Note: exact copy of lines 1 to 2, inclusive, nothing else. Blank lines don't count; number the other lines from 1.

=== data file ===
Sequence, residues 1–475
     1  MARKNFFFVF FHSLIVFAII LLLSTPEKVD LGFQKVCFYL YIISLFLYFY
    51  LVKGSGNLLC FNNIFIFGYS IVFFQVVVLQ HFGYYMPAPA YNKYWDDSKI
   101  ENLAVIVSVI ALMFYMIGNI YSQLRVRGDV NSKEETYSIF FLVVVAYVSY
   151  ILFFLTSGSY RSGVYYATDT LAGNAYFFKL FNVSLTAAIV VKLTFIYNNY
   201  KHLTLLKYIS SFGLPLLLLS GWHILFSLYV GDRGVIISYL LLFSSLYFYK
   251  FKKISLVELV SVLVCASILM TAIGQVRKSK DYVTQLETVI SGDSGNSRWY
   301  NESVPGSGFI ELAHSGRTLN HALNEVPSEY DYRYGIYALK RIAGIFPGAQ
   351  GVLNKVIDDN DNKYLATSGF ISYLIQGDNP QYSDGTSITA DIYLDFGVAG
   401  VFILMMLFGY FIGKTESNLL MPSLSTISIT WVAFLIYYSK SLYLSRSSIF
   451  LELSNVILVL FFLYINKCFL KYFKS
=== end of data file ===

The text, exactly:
Sequence, residues 1–475
     1  MARKNFFFVF FHSLIVFAII LLLSTPEKVD LGFQKVCFYL YIISLFLYFY